Here, everyone could baptize; something which is not wholly consistent with the views of Ignatius.

It is clear that the churches were not all uniform and many had their own traditions and practices that were different from others. It is also interesting to note that not all the churches used the same set of New Testament writings in their services that other churches used. For example, some of the books that differed in usage and acceptance included 2nd Peter, Jude, Hebrews, and John's Apocalypse. It seems that primary factor in determining which books to use in there service was based on which apostle founded the church and/or which apostle they were most familiar with. For example, churches founded by Paul would give more weight to the writings of Paul and those founded by John to his writings. A church's traditions, practices, and selection of scripture seems to have been mostly determined by the traditions set down by their founding apostle. 

Paul writes to the Corinthians, "Now I praise you because you remember me in everything and hold firmly to the traditions, just as I delivered them to you." (1 Corinthians 11:2) It is quite conceivable that these traditions were different from those delivered by John to the churches he founded. Each apostle delivering to each church the traditions he believed most suited to them and, it was these traditions, that the bishops that followed sought to maintain and pass down.

Finally, it is interesting to note that when Ignatius says that it is "unlawful" to perform some rites without the bishop, he does not say that it is unscriptural or sinful, but simply unlawful, as being against the ecclesiastical rules, patterns, or traditions that had been established within the churches.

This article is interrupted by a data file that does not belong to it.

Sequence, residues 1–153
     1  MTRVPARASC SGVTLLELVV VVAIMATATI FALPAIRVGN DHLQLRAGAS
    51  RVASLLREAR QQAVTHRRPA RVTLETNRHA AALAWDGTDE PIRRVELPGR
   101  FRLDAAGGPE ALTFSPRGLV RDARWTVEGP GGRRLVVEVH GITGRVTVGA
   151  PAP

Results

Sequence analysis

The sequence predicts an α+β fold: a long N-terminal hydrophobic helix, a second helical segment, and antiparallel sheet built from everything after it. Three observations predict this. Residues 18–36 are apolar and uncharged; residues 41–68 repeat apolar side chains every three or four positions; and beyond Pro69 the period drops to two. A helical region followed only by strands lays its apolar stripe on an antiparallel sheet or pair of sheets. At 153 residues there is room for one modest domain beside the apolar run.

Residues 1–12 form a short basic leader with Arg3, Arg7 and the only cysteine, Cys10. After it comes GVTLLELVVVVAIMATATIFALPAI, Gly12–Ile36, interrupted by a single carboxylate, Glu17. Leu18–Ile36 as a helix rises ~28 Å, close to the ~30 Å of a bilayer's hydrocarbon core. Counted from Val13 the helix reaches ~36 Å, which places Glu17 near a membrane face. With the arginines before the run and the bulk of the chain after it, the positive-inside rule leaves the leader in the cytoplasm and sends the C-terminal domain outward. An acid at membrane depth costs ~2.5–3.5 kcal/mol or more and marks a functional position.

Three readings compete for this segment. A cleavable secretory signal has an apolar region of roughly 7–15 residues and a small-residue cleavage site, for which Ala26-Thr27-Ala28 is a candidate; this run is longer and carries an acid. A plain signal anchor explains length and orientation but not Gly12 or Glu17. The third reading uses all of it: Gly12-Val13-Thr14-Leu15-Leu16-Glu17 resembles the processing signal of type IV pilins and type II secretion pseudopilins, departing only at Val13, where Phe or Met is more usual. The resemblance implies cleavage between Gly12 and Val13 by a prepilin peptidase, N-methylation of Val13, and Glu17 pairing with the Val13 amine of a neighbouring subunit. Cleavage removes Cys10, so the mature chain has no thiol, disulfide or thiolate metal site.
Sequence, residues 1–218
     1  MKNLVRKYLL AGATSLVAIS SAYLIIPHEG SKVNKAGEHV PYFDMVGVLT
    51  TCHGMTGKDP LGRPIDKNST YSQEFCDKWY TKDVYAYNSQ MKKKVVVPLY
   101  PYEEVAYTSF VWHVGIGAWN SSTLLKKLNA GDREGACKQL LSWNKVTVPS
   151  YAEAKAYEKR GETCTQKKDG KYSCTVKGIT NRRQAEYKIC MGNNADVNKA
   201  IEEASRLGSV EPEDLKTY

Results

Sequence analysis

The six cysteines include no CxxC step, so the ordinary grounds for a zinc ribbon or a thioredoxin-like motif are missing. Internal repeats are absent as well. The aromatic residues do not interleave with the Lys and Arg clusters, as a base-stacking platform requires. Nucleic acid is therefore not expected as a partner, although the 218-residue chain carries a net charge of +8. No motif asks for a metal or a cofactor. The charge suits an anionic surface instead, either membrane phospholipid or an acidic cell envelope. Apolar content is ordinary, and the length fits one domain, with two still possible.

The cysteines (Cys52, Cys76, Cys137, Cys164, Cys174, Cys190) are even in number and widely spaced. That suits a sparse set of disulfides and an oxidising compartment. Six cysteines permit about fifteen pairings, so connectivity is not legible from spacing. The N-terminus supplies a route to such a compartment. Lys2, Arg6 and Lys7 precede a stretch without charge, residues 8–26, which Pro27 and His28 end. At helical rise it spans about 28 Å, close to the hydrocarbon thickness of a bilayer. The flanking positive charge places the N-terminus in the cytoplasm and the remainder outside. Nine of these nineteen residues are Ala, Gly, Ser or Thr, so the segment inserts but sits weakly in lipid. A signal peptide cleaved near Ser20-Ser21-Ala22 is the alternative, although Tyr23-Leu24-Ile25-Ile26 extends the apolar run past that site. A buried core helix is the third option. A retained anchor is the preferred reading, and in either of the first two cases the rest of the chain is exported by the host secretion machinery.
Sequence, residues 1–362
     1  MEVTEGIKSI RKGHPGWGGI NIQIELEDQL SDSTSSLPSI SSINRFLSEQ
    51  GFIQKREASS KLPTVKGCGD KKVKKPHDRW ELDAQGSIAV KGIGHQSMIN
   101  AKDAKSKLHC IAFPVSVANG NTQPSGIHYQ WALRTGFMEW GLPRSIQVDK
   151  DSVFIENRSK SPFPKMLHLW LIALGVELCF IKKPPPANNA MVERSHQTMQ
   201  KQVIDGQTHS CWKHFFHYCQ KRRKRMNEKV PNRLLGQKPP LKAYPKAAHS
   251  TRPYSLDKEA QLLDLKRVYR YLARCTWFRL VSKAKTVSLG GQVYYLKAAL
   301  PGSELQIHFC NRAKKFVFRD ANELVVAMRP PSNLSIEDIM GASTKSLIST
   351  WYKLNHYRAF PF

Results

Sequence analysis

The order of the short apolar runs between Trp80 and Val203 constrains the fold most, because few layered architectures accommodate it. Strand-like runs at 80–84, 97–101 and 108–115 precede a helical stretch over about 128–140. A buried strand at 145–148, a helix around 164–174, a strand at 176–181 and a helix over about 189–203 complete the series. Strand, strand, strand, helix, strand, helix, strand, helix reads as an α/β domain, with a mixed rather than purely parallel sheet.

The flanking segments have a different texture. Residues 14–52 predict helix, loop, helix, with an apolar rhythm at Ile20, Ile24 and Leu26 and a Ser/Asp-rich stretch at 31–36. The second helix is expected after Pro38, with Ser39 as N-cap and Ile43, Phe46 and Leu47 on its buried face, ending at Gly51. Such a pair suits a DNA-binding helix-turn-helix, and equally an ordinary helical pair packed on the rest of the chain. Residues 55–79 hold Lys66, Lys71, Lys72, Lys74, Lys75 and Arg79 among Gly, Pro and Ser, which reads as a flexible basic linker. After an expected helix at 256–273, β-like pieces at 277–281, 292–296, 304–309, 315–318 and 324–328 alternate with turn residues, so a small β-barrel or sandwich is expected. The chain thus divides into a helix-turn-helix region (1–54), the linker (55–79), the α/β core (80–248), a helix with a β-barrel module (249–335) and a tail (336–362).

So how do we relate and respond to such teachings? What is important is to understand the wisdom of God that was behind such teachings and what the Holy Spirit was trying to avoid and or reinforce in the church.
"It is well to reverence both God and the bishop. He who honours the bishop has been honoured by God; he who does anything without the knowledge of the bishop, does [in reality] serve the devil." (Ignatius to the Smyrneans, Chapter 9)
In Ignatius' days there were those who were setting up their own churches with their own scriptures, love feasts, and bishops. They even claimed to be "christian", but they were founded by and built upon heretics and heretical teachings that, among other things, denied Jesus as God in human flesh. How was the new believer to know which church was right? One way was to identify those bishops who were in succession from the apostles and who held to the apostles teachings and traditions. Keeping faith and communion with these men was a safeguard to keeping faith and communion with the true faith of God.

There were also those, in Ignatius' day, who sowed division and discord in the church; some centered around heretical ideas, other around a desire for honor, power, and position. These people worked in the dark, with secrets, and by subterfuge. The were like Absalom who secretly sought to draw the people's loyalty away from his father David unto himself. Absalom would rise up early and stand at the gate and fain his care for the people over that of his father. "Then Absalom would say to him, 'See, your claims are good and right, but no man listens to you on the part of the king.' Moreover, Absalom would say, 'Oh that one would appoint me judge in the land, then every man who has any suit or cause could come to me and I would give him justice.' " ("2 Samuel 15:3-4) However, when everything is done in the light, it gives little room for deception and subterfusion. When we live and speak like everyone is hearing then we are more careful what we say and it becomes harder to draw away the faith and loyalty of others by our lies and deception.

Many of us enjoy communion in churches where there is no bishop, yet we can still learn from Ignatius and seek an open and honest communion with other believers. One built on truth, loyalty, and mutual submission. In doing so we will be living in the spirit of what Ignatius sought to teach.

David Robison